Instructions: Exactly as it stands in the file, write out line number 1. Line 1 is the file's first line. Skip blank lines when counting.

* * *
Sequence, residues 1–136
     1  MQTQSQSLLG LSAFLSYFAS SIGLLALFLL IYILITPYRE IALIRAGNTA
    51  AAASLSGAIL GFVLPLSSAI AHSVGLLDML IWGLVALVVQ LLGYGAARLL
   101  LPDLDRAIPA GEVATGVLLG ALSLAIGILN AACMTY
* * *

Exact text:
Sequence, residues 1–136